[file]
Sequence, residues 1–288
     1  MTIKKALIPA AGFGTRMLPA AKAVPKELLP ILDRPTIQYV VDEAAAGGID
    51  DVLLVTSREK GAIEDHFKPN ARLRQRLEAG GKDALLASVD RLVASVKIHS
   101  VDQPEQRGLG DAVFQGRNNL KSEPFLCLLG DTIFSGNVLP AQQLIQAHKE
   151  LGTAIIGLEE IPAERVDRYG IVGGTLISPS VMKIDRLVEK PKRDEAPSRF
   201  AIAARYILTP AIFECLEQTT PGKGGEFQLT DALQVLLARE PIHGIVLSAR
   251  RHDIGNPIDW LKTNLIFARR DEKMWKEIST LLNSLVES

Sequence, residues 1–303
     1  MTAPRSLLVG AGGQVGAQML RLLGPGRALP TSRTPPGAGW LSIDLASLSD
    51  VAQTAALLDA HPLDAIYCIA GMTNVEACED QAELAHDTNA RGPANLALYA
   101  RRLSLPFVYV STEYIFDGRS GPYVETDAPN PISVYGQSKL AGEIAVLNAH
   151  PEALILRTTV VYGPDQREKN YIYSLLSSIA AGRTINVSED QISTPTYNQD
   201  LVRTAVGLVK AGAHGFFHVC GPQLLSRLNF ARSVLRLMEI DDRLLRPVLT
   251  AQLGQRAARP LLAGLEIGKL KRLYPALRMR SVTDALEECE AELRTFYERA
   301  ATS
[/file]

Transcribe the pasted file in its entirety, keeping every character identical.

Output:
Sequence, residues 1–288
     1  MTIKKALIPA AGFGTRMLPA AKAVPKELLP ILDRPTIQYV VDEAAAGGID
    51  DVLLVTSREK GAIEDHFKPN ARLRQRLEAG GKDALLASVD RLVASVKIHS
   101  VDQPEQRGLG DAVFQGRNNL KSEPFLCLLG DTIFSGNVLP AQQLIQAHKE
   151  LGTAIIGLEE IPAERVDRYG IVGGTLISPS VMKIDRLVEK PKRDEAPSRF
   201  AIAARYILTP AIFECLEQTT PGKGGEFQLT DALQVLLARE PIHGIVLSAR
   251  RHDIGNPIDW LKTNLIFARR DEKMWKEIST LLNSLVES

Sequence, residues 1–303
     1  MTAPRSLLVG AGGQVGAQML RLLGPGRALP TSRTPPGAGW LSIDLASLSD
    51  VAQTAALLDA HPLDAIYCIA GMTNVEACED QAELAHDTNA RGPANLALYA
   101  RRLSLPFVYV STEYIFDGRS GPYVETDAPN PISVYGQSKL AGEIAVLNAH
   151  PEALILRTTV VYGPDQREKN YIYSLLSSIA AGRTINVSED QISTPTYNQD
   201  LVRTAVGLVK AGAHGFFHVC GPQLLSRLNF ARSVLRLMEI DDRLLRPVLT
   251  AQLGQRAARP LLAGLEIGKL KRLYPALRMR SVTDALEECE AELRTFYERA
   301  ATS